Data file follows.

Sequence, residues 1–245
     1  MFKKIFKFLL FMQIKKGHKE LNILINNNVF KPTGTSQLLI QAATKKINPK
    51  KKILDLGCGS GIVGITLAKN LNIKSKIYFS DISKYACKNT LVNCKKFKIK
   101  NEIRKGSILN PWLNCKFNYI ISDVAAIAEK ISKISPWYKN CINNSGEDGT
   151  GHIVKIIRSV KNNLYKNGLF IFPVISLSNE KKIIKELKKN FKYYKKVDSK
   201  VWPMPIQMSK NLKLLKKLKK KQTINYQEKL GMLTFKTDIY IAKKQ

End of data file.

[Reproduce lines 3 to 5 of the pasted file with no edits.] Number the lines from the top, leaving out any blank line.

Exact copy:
    51  KKILDLGCGS GIVGITLAKN LNIKSKIYFS DISKYACKNT LVNCKKFKIK
   101  NEIRKGSILN PWLNCKFNYI ISDVAAIAEK ISKISPWYKN CINNSGEDGT
   151  GHIVKIIRSV KNNLYKNGLF IFPVISLSNE KKIIKELKKN FKYYKKVDSK